I had the opportunity to visit Porto in May – just as the summer began to hit Portugal. While I did not get to spend as much time there as I did in Lisbon, Porto has definitely left behind a lasting impression.
When it comes to beauty, few cities match Porto. It is so maddeningly beautiful. A feast to the eyes.
The streets are charming and not too busy. The old, historical inner quarter exudes the vibes that are very typical of any other Southern European city – weathered buildings, slightly corrugated window bars, laid-back ambiance, cobbled streets, and al fresco cafes. The main streets are not as touristy as in Lisbon, and the cafes and restaurants cater to the locals, so they are quite affordable.
Portugal is significantly cheaper than Western European countries – you can get a cup for coffee for EUR1.5 here, and a decent no-frill meal at EUR5. Pastries are plentiful in Portugal, and in Porto, you must try the codcake. It’s EUR3.5 each. Very tasty, especially with the melted cheese filling.
Bom Sucesso is a popular food market in Porto. It’s quite upmarket, so prices are slightly higher here than other smaller, less known markets in the city. However, it’s still quite affordable – EUR10 should be enough for a decent 2-course meal here. There’s a lively seafood section as well, and you should try the barnacles – locals seem to love them.
Bom Sucesso MarketPorto also has a medium-sized railway station – rail infrastructure in Portugal isn’t as developed as in France/Benelux/Italy, and the railway station caters to regional trains. There is a regular service between the city and Lisbon too.
The railway station is stylishly decorated with some really impressive artworks depicting Portuguese history.
Porto’s subway system isn’t very complicated – it consists of several light rail lines, mainly at-grade, but with underground sections in the city centre. It’s quite cheap too, fare starts at EUR1. The light rail is very extensive and it takes you to nearly all of the popular tourist attractions in the city. The system is also very easy to navigate – much easier than the relatively poorly signaged and convoluted Lisbon Metro.
Porto also has its share of modern architecture, and the most impressive display of this in the city’s new opera house. Designed by Dutch maestro Rem Koolhaas, Casa da Musica is an impressive performing art centre, surrounded by a very attractive urban square. Critics raved about this building -Nicolai Ouroussoff of NYT called it “one of the most important concert halls built in the last 100 years”.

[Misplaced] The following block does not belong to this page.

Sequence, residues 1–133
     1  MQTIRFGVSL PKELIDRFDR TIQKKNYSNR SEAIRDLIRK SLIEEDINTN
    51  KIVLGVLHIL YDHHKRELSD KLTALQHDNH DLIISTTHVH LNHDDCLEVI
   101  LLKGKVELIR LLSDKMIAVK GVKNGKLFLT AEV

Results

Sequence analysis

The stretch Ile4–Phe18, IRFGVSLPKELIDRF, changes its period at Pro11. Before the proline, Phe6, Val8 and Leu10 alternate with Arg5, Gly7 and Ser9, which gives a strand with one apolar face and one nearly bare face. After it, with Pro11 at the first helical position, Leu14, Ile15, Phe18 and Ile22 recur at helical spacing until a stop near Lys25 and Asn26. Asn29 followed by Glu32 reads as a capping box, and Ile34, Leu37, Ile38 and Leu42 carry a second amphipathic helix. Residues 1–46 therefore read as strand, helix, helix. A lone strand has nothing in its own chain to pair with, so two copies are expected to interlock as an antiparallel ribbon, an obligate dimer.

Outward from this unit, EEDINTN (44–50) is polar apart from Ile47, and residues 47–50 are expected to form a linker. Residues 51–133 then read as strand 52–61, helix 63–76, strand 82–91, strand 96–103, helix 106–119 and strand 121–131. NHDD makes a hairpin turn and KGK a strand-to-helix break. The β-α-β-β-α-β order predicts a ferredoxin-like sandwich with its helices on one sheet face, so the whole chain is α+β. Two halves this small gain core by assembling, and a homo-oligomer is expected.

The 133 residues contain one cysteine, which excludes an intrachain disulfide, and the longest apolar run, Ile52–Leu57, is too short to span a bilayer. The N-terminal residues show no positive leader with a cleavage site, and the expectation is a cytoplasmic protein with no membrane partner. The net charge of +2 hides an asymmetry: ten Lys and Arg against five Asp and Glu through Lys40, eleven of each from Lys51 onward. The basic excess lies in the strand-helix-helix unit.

Too bad my visit to Porto was so brief – it would be nice if I could go there again to catch a performance at this impressive venue.
And here’s the best part about Porto.
Its dramatic setting.
No trip to Porto is ever complete without a stroll across Ponte de Dom Luis I. The walk gave me vertigo – the bridge is as high as 85m. Completed in 1886, the bridge was, at one point, the world’s longest.
Just have a look at the pictures below. The view from the bridge was so brilliant I ended up coming to the same spot twice. The breathtaking view, soft wind blowing on my face, the slowly changing hues of the skies as the sun began to descend – I felt calm and very much at peace just sitting there at the bridge. So simple, yet so beautiful.
I was in London for a 3-day visit last month. It was a pretty much a standard jaunt, filled with lunches and catch-ups with friends, pleasant strolls along the city’s thriving streets (the weather surprisingly happened to be gorgeous for the large part of the visit), gallery visits, and the obligatory nights-out in Soho.
Museums and Galleries
I got to visit the new London Design Museum, housed in a formerly derelict structure in Kensington for the first time. Everything in the museum smacks of brand new, it opened its doors in December 2016. There was an interesting ‘Imagine Moscow’ exhibition going on – it basically chronicled the Soviets’ use of grandiose architectural statements to propagate communist propaganda, especially during the era of Stalin. Interesting stuff.
I also spent some time at Tate. It’s a huge modern art museum, and one of the exhibitions highlighted the use of arts as means of anti-Nazi resistance during the earlier days of the Third Reich. John Heartfield defied threats of arrests by creating satirical pieces and photomontages that exposed the follies of Hitler’s propaganda. One of the pioneers in using art as a political weapon, Heartfield, facing an imminent deportation threat to Czechoslovakia, fled to the UK in 1938.
If you’re looking for a good time to visit London, now is probably the best time to do so.